> the Peace Corps. Perhaps they could even go so far as
      > to name the Peace Corps' Atlanta recruiting office
      > for the Senator, but not the Headquarters building in
      > Washington, D.C.
      > You are one of over 161,000 returned Peace Corps
      > Volunteers who represent the Peace Corps constituency.
      > Let your voice be heard! Let the Congress know
      > that this thoughtless political posturing is
      > unacceptable.
      > Please do the following:
      > 1. Sign this petition and forward it to all of your
      > RPCV friends and family. If you are the 100th
      > petitioner (or even 50th as time is important)
      > please continue to forward the email, but also send a
      > copy to us to help us keep a tally. You can reach us
      > at: kikosmom2@... or griff_jack@...
      > 2. Call your congressional representatives and your
      > Senators to voice your opposition in naming the Peace
      > Corps Building after Senator Coverdell. Call (202)
      > 224-3121
      > Please help us to save Peace Corps' Legacy!
      > 1. Karen Orehowsky, RPCV Cameroon, 4407 Churchman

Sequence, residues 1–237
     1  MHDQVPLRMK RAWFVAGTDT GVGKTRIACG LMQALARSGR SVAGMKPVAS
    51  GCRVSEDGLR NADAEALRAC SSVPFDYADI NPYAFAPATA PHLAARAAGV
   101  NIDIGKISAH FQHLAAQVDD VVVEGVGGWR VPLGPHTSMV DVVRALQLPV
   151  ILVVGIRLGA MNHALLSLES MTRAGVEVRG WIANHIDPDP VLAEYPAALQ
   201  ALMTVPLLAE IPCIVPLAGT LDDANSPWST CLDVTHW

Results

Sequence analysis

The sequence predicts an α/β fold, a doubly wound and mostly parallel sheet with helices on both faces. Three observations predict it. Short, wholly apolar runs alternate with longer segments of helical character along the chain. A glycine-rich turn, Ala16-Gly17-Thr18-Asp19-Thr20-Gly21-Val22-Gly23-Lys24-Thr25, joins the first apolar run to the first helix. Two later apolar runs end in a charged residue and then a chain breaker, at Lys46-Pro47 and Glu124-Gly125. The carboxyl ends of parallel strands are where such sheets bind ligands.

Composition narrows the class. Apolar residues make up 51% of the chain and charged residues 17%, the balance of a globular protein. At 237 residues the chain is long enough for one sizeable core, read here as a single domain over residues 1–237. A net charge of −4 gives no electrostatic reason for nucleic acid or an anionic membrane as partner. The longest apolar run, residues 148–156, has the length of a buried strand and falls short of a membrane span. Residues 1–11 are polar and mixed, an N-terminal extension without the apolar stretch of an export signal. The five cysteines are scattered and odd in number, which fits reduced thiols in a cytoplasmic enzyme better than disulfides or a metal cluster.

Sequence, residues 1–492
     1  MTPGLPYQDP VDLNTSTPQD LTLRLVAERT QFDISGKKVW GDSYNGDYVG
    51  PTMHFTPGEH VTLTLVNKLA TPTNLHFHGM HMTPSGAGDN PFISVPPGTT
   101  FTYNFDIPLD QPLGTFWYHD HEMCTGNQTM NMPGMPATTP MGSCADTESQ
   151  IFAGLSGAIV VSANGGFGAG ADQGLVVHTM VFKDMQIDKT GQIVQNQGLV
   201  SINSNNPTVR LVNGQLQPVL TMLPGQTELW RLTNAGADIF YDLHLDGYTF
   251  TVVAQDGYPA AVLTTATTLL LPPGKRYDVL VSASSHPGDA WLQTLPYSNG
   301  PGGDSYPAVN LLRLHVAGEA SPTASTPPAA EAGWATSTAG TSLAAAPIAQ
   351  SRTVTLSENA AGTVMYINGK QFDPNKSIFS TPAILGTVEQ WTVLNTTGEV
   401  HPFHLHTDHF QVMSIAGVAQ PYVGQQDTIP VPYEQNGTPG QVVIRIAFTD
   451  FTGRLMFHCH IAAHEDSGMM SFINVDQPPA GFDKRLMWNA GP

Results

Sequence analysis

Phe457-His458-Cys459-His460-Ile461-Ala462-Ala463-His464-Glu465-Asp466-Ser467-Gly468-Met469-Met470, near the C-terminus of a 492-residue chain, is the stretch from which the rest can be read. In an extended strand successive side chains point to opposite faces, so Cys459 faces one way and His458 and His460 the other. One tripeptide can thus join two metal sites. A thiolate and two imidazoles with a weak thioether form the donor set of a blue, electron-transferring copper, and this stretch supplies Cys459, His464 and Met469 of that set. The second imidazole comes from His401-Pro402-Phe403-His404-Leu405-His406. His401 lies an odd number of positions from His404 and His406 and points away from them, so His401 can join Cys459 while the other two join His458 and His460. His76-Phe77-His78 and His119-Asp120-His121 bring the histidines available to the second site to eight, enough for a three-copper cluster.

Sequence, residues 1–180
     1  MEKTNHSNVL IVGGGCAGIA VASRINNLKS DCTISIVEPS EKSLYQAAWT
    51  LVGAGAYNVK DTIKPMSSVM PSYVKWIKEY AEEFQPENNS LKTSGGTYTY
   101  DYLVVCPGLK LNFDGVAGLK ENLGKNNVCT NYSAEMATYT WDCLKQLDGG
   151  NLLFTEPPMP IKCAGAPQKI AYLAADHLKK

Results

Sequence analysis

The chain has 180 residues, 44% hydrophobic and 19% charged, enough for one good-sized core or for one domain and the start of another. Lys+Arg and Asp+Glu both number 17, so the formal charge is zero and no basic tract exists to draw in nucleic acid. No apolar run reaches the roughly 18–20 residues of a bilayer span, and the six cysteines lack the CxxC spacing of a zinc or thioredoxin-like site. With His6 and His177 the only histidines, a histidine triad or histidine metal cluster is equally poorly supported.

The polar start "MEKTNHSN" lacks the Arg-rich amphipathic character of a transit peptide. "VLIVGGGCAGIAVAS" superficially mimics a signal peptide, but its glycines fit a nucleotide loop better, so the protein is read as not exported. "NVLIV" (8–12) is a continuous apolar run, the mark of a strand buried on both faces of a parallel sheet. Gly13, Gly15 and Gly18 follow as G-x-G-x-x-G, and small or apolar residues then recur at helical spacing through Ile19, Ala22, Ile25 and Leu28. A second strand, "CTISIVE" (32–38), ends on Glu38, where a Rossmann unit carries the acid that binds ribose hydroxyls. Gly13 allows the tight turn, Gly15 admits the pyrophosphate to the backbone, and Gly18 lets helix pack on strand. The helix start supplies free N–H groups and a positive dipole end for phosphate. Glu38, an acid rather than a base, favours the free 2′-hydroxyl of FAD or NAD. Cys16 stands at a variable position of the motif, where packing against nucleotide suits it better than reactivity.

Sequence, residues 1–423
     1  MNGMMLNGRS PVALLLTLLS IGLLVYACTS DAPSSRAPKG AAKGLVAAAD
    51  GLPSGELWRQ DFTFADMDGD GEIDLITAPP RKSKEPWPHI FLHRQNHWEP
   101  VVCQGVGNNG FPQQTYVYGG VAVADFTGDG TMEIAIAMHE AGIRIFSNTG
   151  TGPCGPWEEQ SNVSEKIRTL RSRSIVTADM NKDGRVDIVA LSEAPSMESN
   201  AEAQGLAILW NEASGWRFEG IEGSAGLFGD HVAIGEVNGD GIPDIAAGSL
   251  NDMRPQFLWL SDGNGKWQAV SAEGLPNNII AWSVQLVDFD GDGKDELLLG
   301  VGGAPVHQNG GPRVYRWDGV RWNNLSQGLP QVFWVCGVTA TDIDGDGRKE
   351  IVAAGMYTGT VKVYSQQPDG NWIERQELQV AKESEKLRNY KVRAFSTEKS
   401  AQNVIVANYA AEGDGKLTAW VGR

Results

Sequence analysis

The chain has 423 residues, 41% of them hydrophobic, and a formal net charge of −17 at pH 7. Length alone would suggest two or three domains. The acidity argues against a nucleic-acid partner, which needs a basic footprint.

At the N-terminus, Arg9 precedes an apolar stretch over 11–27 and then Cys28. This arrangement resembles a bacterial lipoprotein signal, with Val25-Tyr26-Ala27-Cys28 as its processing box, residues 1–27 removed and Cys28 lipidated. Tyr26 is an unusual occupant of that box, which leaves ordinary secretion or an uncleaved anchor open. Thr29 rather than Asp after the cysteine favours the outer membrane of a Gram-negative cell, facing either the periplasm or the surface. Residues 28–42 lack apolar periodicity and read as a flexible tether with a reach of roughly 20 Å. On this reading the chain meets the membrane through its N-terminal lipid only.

> Court, Alexandria, Virginia 22310
      > 2. Michelle Owens, RPCV Zaire 85-88, P.O. Box 1628,
      > Accra, Ghana
      > 3. Stacy Cavanagh, RPCV Benin - 91-94, Nutsubidze
      > 93, Tbilisi, Georgia
      > 4. Maura J. Fulton, RPCV Micronesia 95-97,
      > Nutsubidze 93, Tbilisi, Georgia
      > 5. Cheryl A. Klein, RPCV Kiribati 91-94, 1919 19th
      > St., NW Apt. 2, Washington, DC 20009
      > 6. Elizabeth McClure, RPCV Micronesia 94-96, 1919
      > 19th St., NW, Apt. 2, Washington, DC 20009
      > 7. Barry Bem, RPCV Colombia 63-65, Washington, DC
      > 8. Roz Wollmering, RPCV Liberia & Guinea-Bissua,
      > Melbourne Australia
      > 9. H.J. Julie Kim, RPCV Estonia, Washington, DC
      >10. Janice Davis, RPCV Paraguay 80-82, Annandale, VA
      >11. John Shores, RPCV Colombia 1972-1976, RPCV Dominican Republic
      > 1976-1978, Staff/Washington, DC 1989-1998, currently San Jose,
      12. Pat Hoke Soles, RPCV Venezuela, 1969, Arlington, Virginia
      13. Roger Soles, RPCV Colombia 1963-65, Arlington, Virginia
      14. Carlos E. Soles, RPCV Nicaragua 1996-98, Arlington, Virginia
      15. Philip J. Lemkau, RPCV Nicaragua 1970-72, Yellow Springs, Ohio
      16. Jeanne P. Lemkau, RPCV Nicaragua 1970-72, Yellow Springs, Ohio
      17. Patricia Taylor, RPCV Brasil 1974-76, APCD El Salvador 1978-80,
      Washington, D.C.
      18. Ken Heise, RPCV Zaire (DR Congo), 1977-1980
      19. Kate Reed, RPCV Togo 1991-93
      20. Lora Shimp, RPCV Cameroon 1994-96